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| 7/22/2009 12:00:00 AM

Totó La Momposina: Colombia's Afro-Caribbean star

Jul 22--We have to hand it to Colombia: Some of the most popular Latin singers today hail from the South American nation, including pop/rock superstars Juanes and Shakira.

But traditional Colombian music has an entirely different sound, a joyous, festive mix drawing from indigenous flutes, African drums and Spanish/Moorish guitars.

Its most emblematic artist is the legendary Afro-Caribbean singer and dancer Totó La Momposina, who, after a five-year absence, will play at the 13th annual Chase Latino Cultural Festival, an 11-day music, film and performance fest at Queens Theatre in the Park that kicks off July 30.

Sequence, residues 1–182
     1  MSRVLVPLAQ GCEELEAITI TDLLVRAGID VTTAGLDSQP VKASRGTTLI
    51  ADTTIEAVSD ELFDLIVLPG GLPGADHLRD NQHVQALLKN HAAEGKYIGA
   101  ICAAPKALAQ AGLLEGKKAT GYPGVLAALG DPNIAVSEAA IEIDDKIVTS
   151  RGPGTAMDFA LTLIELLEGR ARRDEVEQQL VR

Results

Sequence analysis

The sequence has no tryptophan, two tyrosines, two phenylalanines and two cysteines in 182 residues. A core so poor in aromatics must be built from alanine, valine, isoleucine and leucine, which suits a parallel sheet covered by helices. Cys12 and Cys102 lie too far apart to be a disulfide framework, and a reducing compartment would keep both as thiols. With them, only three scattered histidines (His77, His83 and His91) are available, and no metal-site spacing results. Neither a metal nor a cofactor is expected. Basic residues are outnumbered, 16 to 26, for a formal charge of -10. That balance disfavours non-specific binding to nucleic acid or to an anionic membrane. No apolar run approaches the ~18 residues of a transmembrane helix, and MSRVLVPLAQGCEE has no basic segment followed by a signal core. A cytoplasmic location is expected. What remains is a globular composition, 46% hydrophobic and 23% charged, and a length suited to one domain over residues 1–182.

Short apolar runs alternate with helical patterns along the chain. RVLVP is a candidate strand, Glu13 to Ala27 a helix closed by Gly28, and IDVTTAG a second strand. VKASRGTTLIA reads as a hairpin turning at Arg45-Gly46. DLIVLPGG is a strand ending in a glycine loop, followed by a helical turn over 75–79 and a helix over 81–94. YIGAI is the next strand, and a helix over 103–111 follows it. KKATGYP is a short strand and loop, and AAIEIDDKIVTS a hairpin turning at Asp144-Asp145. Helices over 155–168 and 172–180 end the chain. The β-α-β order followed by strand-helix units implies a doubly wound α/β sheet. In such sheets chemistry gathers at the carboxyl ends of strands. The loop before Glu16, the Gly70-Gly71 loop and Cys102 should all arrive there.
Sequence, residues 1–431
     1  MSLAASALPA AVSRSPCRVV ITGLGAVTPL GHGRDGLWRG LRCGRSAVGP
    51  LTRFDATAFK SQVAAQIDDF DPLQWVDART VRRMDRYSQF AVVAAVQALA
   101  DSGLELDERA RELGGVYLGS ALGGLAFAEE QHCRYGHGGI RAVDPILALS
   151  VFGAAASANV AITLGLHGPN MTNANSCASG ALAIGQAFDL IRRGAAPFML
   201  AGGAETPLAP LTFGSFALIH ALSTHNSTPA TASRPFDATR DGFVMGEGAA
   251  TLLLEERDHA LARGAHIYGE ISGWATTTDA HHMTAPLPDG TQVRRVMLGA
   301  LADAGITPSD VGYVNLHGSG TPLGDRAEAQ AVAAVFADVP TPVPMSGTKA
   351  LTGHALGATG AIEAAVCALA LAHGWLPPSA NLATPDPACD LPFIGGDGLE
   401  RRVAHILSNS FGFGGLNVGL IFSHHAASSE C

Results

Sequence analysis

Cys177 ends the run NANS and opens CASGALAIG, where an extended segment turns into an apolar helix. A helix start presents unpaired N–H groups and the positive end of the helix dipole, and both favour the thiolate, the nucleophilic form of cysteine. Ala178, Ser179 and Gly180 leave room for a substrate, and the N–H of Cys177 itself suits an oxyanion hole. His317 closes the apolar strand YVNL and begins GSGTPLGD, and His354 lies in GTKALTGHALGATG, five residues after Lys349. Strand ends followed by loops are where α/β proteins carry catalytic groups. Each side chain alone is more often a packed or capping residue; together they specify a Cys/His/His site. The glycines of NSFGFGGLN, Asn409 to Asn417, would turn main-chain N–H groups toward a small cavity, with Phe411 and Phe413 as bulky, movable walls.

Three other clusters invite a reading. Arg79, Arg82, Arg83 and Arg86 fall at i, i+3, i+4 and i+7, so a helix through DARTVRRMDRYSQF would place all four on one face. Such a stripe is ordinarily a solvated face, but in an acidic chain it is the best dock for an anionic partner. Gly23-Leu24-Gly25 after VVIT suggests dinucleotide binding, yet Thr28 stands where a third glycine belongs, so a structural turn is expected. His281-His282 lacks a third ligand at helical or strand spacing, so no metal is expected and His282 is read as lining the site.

“I am an artist not for the money or the marketing or to be a star,” La Momposina, 68, said in Spanish from Bogotá, where she lives, “but because I need to make the music of Colombia a star.”

Born into a family of musicians in Mompós, a town on the banks of the Magdalena River — hence La Momposina — she said her artistry dates to when she was “conceived.”

She started performing at 12, almost six decades ago, with a group headed by her mother, who was a singer and dancer.

Her African-rooted cumbias and porros, what she calls “música de la identidad” (identity music), blend traditional pre-Columbian flutes known as gaitas with the tiple, a guitar slightly smaller than the acoustic ones, and the drums brought by slaves.
 
Read more here.
 
Semana International delivers news about Colombia in English. Find more in our home.
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